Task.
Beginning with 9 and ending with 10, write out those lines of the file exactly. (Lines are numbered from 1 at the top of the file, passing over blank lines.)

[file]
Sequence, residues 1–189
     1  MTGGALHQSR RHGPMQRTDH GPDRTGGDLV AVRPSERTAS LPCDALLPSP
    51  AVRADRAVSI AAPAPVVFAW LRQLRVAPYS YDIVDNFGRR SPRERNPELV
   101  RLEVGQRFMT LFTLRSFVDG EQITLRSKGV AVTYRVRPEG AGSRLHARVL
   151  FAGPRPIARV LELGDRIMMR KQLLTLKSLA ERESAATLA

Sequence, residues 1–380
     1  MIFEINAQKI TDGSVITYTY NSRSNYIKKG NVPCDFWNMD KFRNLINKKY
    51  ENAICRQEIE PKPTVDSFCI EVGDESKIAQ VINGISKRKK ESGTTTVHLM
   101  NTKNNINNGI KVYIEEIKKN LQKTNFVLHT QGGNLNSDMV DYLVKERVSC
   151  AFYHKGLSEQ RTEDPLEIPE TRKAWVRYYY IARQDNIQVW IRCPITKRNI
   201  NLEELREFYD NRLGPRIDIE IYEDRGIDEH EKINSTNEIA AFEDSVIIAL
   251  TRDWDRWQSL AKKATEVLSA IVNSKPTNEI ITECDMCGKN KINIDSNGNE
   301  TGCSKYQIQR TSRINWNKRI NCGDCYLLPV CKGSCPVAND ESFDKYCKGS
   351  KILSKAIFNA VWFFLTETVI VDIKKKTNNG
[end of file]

   101  NTKNNINNGI KVYIEEIKKN LQKTNFVLHT QGGNLNSDMV DYLVKERVSC
   151  AFYHKGLSEQ RTEDPLEIPE TRKAWVRYYY IARQDNIQVW IRCPITKRNI